Ausmepa Home » Students » Student research » Rockpools » Molluscs » Browsing snails

Browsing snails

Snails have a single spiral shell. The shell usually sits high on the snail’s back and inside the shell cavity; it spirals inwards into a smaller and smaller tube. They use their large muscular foot for moving slowly across surfaces. The foot can be pulled into the shell when they are threatened. Snails belong to a very large group of molluscs called gastropods. 

Browsing snails eat seaweed. They have teeth that look like a wood rasp used to scrape the surface of seaweed. 

It is called a radula. The mouth is below the front of the head. The anus is near the edge of the shell at the top front of the body. The digestive organs need to be organised into the shape of the figure 8 so it can fit into the spiral shell. Browsing snails have a smooth round opening to their shells.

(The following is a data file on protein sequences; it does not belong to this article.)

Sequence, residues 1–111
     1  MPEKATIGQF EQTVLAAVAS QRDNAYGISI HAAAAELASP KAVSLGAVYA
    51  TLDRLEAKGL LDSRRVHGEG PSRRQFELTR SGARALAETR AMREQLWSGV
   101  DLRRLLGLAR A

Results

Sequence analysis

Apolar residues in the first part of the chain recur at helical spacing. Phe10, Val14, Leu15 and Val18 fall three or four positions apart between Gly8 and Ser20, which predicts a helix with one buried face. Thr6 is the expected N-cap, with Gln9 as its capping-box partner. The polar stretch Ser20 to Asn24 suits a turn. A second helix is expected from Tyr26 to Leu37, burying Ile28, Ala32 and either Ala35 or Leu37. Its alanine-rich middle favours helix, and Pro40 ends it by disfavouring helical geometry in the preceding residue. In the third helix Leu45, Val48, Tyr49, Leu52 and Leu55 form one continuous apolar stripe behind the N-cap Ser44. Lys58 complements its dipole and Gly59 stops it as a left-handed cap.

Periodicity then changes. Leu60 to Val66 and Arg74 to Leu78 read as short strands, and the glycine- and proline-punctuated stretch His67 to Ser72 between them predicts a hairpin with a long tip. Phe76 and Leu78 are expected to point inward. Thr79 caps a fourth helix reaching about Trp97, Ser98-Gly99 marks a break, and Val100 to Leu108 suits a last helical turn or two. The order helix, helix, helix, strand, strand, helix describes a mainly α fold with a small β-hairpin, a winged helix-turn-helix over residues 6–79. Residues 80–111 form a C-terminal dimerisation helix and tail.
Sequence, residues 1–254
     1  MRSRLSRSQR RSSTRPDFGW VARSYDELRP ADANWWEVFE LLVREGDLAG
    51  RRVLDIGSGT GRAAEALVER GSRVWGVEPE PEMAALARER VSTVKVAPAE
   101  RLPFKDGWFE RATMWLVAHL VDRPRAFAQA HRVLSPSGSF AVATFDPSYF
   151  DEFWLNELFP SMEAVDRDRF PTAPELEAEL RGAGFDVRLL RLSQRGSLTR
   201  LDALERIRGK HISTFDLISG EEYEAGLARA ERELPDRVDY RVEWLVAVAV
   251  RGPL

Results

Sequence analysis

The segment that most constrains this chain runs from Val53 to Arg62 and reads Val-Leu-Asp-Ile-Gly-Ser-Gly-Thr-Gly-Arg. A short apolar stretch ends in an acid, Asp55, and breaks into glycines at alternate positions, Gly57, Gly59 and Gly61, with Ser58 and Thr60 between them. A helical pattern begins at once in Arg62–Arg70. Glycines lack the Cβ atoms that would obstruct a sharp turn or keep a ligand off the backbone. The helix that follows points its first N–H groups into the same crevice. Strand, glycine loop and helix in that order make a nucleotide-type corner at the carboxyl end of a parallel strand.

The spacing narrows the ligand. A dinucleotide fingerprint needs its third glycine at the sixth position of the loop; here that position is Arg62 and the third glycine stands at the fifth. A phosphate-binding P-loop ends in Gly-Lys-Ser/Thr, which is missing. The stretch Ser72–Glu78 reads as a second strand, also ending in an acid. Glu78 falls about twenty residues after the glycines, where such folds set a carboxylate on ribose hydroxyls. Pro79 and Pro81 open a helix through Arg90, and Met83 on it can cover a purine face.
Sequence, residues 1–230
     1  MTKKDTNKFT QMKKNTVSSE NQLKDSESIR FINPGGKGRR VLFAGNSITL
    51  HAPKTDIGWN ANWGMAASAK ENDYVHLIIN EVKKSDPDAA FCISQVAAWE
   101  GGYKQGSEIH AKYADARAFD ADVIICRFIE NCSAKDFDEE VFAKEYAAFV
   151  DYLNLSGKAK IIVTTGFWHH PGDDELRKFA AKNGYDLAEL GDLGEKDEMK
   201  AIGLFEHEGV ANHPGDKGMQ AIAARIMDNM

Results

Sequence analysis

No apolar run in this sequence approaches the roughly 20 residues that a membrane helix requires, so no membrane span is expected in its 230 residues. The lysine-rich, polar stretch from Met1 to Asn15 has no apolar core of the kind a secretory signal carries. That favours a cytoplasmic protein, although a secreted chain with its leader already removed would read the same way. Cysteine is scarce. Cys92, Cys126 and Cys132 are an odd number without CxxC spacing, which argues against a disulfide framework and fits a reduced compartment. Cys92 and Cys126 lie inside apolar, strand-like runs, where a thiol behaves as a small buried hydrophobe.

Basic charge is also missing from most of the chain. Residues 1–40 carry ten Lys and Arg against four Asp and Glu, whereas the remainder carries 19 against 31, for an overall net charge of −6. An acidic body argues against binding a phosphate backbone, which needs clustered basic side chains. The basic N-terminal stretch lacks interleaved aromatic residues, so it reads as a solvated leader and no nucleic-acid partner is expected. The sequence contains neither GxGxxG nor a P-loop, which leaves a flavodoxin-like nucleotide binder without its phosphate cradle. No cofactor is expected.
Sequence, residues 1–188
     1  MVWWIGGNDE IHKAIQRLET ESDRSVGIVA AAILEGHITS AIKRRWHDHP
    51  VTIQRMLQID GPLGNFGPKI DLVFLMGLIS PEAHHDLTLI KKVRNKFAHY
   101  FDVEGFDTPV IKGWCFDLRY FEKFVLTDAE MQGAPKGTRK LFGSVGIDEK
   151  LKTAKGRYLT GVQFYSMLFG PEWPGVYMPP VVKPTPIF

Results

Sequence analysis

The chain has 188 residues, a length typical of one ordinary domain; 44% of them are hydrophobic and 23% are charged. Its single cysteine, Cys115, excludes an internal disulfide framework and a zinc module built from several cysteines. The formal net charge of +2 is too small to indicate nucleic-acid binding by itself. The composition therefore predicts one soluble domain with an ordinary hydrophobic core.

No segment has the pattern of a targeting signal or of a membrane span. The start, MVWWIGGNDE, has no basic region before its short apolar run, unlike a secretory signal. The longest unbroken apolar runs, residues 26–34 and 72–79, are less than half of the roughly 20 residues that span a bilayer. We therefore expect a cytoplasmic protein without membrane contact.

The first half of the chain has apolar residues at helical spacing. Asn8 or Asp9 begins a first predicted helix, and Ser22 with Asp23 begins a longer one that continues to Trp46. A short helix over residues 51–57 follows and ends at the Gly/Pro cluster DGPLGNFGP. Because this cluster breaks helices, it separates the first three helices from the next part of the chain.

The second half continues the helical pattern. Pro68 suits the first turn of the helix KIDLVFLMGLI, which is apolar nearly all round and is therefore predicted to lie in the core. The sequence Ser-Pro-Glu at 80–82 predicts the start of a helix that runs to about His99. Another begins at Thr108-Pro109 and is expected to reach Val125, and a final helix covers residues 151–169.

Snails can be seen in their thousands in rockpools, on rock platforms and under loose rocks. 

Our Sponsors

A big thank you to all our kind sponsors, without you our work would not be possible.

View All